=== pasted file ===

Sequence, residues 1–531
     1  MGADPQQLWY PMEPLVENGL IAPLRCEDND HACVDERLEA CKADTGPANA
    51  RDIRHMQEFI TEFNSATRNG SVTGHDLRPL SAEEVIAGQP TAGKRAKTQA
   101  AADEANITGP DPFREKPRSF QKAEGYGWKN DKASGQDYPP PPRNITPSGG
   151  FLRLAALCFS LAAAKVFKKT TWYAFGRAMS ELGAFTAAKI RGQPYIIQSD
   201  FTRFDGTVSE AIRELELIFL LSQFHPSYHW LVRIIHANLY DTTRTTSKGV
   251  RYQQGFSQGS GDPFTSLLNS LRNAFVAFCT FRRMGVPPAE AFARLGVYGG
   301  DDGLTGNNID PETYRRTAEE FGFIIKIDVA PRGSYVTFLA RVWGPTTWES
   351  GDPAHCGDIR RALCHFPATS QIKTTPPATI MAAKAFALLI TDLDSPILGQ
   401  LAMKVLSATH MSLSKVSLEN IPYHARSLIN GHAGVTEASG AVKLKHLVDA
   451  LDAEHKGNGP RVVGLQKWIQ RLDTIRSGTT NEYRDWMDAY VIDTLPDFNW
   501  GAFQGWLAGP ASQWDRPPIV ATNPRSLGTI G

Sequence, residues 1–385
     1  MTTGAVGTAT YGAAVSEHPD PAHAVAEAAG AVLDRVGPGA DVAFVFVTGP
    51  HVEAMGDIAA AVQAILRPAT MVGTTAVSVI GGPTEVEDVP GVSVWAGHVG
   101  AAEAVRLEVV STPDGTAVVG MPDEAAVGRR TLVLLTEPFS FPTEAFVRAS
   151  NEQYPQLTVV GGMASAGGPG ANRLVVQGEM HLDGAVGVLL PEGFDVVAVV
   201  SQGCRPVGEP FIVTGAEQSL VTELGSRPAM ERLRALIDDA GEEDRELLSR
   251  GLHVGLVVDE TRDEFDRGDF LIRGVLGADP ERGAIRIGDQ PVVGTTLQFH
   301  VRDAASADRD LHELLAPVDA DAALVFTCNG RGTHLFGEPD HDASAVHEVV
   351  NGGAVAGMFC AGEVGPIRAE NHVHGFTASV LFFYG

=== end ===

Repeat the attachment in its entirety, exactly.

Sequence, residues 1–531
     1  MGADPQQLWY PMEPLVENGL IAPLRCEDND HACVDERLEA CKADTGPANA
    51  RDIRHMQEFI TEFNSATRNG SVTGHDLRPL SAEEVIAGQP TAGKRAKTQA
   101  AADEANITGP DPFREKPRSF QKAEGYGWKN DKASGQDYPP PPRNITPSGG
   151  FLRLAALCFS LAAAKVFKKT TWYAFGRAMS ELGAFTAAKI RGQPYIIQSD
   201  FTRFDGTVSE AIRELELIFL LSQFHPSYHW LVRIIHANLY DTTRTTSKGV
   251  RYQQGFSQGS GDPFTSLLNS LRNAFVAFCT FRRMGVPPAE AFARLGVYGG
   301  DDGLTGNNID PETYRRTAEE FGFIIKIDVA PRGSYVTFLA RVWGPTTWES
   351  GDPAHCGDIR RALCHFPATS QIKTTPPATI MAAKAFALLI TDLDSPILGQ
   401  LAMKVLSATH MSLSKVSLEN IPYHARSLIN GHAGVTEASG AVKLKHLVDA
   451  LDAEHKGNGP RVVGLQKWIQ RLDTIRSGTT NEYRDWMDAY VIDTLPDFNW
   501  GAFQGWLAGP ASQWDRPPIV ATNPRSLGTI G

Sequence, residues 1–385
     1  MTTGAVGTAT YGAAVSEHPD PAHAVAEAAG AVLDRVGPGA DVAFVFVTGP
    51  HVEAMGDIAA AVQAILRPAT MVGTTAVSVI GGPTEVEDVP GVSVWAGHVG
   101  AAEAVRLEVV STPDGTAVVG MPDEAAVGRR TLVLLTEPFS FPTEAFVRAS
   151  NEQYPQLTVV GGMASAGGPG ANRLVVQGEM HLDGAVGVLL PEGFDVVAVV
   201  SQGCRPVGEP FIVTGAEQSL VTELGSRPAM ERLRALIDDA GEEDRELLSR
   251  GLHVGLVVDE TRDEFDRGDF LIRGVLGADP ERGAIRIGDQ PVVGTTLQFH
   301  VRDAASADRD LHELLAPVDA DAALVFTCNG RGTHLFGEPD HDASAVHEVV
   351  NGGAVAGMFC AGEVGPIRAE NHVHGFTASV LFFYG